Independently Google is working on a Authorship mark-up options which indexes information on the web in terms of its creator. Google supports this by it +1 feature, a revised Panda search algorithm and a news algorithm.

While Schema.org still waits to have a affiliation from W3C, which the big 3 search engines have by-passed currently to unveil this semantics project and there are some code and mark-up led incompatibilities, Scheme.org definitely is a move towards integrating intelligent web services to further the consumer experience.

Semantic Web: Internet beyond Search and Social

Posted in Applications and User Interfaces, Semantic Media and Web by Manas Ganguly on June 9, 2011

As Internet outgrows search, Semantic is the new key for information search, personalization and delivery.

With the advent of Social Web (Web 2.0), an amazing amount of online information continues to get created, and content continues to expand at its breathtaking pace. There are over 140 million tweets being posted every day, 48 hrs of video uploaded to YouTube every minute and more. Internet users would need tools to help them sort out data for them according to whats relevant and pertinent to them. It’s going to be harder and harder to find information because there’s so much out there. Without a mechanism of data sorting and discovery a lot of the information will never be used and most and all traffic will congregate in a few sites only.

A good index of sorting out the information overload would be data relevance, personalization and customization basis the user, his context, his profile and the social networks that he is a part of. I have in earlier posts discussed about the applications being the best deliver medium for the future internet: always on, always connected, active, learning, mobile, dynamic, intelligent and platform agnostic. Content that is customized for a particular individuals’ preferences can be chosen and presented in a variety of ways. Apps learn what users like and gets smarter as they use it. Semantic web leverages ontologies and meta-data to build paradigms of user online behavior and customizes the internet experience according to the user.Thus Semantic web moves users very quickly toward a world in which the Internet is showing us what it thinks users to see, but not necessarily what users need to see.

Thus, the same Google search performed by two different users could turn up entirely different results, as the search giant tweaks its suggestions on each individual’s behavior. Personalization can also require sacrificing privacy: customization works best when users are willing to hand over data about what they click, how long they spend reading it, what sites they follow, and more.Users, on their part, will be comfortable allowing apps to track them as long as companies prove giving up some privacy delivers better, more helpful services. People are willing to share more and more information if they see that they’re getting value out of it.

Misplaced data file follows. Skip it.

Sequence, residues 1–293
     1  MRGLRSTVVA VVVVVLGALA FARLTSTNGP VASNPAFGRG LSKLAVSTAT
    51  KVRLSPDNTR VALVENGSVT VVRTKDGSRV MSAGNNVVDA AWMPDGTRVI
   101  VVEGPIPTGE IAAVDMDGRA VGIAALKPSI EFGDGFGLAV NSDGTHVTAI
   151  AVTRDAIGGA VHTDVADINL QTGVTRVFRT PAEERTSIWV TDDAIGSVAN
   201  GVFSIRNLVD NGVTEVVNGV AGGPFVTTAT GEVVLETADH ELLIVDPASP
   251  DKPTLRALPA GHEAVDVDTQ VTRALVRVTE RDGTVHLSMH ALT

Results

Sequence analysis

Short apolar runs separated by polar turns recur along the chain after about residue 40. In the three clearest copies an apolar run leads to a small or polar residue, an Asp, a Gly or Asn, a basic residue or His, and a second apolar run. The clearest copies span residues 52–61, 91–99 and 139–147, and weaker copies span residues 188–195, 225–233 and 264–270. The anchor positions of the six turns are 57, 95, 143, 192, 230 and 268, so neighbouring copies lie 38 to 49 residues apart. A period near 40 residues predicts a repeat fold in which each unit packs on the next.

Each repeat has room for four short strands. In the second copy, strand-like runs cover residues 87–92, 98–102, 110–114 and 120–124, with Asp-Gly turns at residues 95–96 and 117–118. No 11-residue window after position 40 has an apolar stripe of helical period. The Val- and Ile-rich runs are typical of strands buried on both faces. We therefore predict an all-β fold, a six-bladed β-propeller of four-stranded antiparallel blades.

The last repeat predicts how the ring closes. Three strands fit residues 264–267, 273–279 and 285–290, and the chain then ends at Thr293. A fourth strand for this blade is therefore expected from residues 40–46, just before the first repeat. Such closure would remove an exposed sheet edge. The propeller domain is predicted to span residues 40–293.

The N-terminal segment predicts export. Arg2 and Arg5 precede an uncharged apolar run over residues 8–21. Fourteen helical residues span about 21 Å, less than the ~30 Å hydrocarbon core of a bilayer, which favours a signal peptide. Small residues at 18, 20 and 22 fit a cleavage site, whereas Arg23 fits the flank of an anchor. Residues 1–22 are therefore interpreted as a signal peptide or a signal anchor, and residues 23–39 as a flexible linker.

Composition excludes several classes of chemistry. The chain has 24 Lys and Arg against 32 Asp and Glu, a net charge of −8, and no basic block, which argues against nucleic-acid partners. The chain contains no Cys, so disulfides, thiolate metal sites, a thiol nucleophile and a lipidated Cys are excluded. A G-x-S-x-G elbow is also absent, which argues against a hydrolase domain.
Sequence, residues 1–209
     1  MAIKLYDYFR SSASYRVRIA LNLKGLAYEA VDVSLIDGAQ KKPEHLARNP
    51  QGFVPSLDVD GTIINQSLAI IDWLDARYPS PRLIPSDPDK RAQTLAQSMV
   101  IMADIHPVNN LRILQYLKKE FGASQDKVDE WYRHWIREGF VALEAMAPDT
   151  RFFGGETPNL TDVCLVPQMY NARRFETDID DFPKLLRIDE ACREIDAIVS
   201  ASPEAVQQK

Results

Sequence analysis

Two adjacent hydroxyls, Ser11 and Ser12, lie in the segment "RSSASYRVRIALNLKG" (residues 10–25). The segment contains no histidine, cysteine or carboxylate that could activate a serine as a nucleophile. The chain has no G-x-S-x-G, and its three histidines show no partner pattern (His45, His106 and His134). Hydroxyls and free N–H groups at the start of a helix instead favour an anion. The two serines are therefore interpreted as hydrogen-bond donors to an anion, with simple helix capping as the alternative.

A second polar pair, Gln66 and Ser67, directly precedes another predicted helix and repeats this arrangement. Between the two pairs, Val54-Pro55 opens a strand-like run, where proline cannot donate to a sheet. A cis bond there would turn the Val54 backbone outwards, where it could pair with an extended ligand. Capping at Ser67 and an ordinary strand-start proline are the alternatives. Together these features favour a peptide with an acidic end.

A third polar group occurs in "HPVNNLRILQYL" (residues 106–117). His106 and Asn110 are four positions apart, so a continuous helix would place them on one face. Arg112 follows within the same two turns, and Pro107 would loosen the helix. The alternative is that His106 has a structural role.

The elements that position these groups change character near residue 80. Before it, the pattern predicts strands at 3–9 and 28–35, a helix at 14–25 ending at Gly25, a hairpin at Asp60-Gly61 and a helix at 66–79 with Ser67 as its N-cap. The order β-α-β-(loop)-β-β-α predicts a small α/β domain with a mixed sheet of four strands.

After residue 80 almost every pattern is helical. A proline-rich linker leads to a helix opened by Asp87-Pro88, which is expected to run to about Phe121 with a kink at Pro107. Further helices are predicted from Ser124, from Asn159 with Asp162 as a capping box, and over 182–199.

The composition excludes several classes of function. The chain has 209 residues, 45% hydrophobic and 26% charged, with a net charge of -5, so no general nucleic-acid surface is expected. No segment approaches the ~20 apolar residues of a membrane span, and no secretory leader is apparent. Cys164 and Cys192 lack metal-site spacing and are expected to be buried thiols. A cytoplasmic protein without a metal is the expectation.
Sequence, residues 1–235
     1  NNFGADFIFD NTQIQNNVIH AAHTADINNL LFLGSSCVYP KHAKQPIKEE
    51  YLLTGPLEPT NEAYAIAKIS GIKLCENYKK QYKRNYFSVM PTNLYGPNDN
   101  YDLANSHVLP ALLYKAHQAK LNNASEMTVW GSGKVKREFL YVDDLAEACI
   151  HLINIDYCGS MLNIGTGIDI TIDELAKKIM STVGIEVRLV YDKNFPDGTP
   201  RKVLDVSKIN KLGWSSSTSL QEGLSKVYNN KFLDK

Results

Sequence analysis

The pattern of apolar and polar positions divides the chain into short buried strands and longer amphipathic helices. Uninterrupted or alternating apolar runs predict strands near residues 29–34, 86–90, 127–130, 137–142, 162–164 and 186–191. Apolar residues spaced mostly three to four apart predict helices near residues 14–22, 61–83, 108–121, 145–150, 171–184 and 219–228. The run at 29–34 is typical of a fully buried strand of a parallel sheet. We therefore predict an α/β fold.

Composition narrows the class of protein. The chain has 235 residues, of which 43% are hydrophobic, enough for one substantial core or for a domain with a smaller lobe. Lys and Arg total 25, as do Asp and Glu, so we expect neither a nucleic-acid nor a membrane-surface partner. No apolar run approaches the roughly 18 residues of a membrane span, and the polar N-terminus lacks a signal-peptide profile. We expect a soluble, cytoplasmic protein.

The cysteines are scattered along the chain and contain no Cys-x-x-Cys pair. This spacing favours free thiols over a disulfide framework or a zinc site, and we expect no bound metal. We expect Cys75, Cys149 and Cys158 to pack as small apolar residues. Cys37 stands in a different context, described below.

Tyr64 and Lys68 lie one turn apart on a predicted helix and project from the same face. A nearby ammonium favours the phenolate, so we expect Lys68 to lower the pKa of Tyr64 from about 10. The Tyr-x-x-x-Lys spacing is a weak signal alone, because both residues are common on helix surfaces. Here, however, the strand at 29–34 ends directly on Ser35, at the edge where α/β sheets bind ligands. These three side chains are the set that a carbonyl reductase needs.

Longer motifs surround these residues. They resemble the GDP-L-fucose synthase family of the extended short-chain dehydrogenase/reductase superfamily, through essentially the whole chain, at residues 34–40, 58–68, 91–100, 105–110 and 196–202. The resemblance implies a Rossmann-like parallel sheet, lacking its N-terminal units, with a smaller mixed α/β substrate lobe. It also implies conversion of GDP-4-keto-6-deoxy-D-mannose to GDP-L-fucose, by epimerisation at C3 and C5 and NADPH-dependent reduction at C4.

Semantic Media: Future Happening

Posted in Semantic Media and Web by Manas Ganguly on May 26, 2011

Continued from an earlier post on Defining Semantic Web.

Mobile marketing as is and would still be the tip of a greater phenomenon that at this point of time, i would call Semantic Marketing Media, an extension of the concept Semantic Web, or Web 3.0, which is currently a nascent and “in concept phenomena”.

Mobile Marketing is a larger concept in comparison to Mobile advertisements and Mobile promotions. While both Mobile advertisements and Promotions are deal based, the key for the success of Mobile Marketing will be engaging the consumers and powering branded experiences around user journeys. User Journeys could at this point be defined as Consumer initiated transactions between himself and the company to satisfy any of the following needs: Discovery, Awareness, Experience, Engagement, Context, Transaction, Conversations and Profiles. This is defined as Semantic Media. The ability of mobiles to power such experiences are critical to context and profile based user targeting. The convergence of devices and platforms and technologies enable a whole system of technologies which can target relevant users contextually and enable them to talk to the brand, transact with the brand at different touch-points and in different locational contexts as well as different platforms.

Semantic Media would be the Media 4.0 after Mass Media, Internet Democracy and Social Media. The Internet Democracy and Social Media would also be Web 1.0 and Web 2.0 contemporaries. Semantic Media will be the contemporary of the “Internet of Things”, Web 3.0 thereby getting its name: Semantic i.e Metadata aware Media.

Continued here

Defining the Semantic Web

Posted in Semantic Media and Web by Manas Ganguly on May 22, 2011

Semantic Web was defined by Tim Berners-Lee, the father of World Wide Web. He defines the Semantic Web as “a web of data that can be processed directly and indirectly by machines.” It extends the network of hyperlinked human-readable web pages by inserting machine-readable metadata about pages and how they are related to each other, enabling automated agents to access the Web more intelligently and perform tasks on behalf of users. Many of the technologies proposed by the Semantic Web already exist and are used in various contexts, particularly those dealing with information that encompasses a limited and defined domain, and where sharing data is a common necessity.

The main purpose of the Semantic Web is driving the evolution of the current Web by allowing users to use it to its full potential, thus allowing them to find, share, and combine information more easily. However, machines cannot accomplish all of these tasks without human direction, because web pages are designed to be read by people, not machines. The semantic web is a vision of information that can be interpreted by machines, so machines can perform more of the tedious work involved in finding, combining, and acting upon information on the web. The Semantic Web is regarded as an integrator across different content, information applications and systems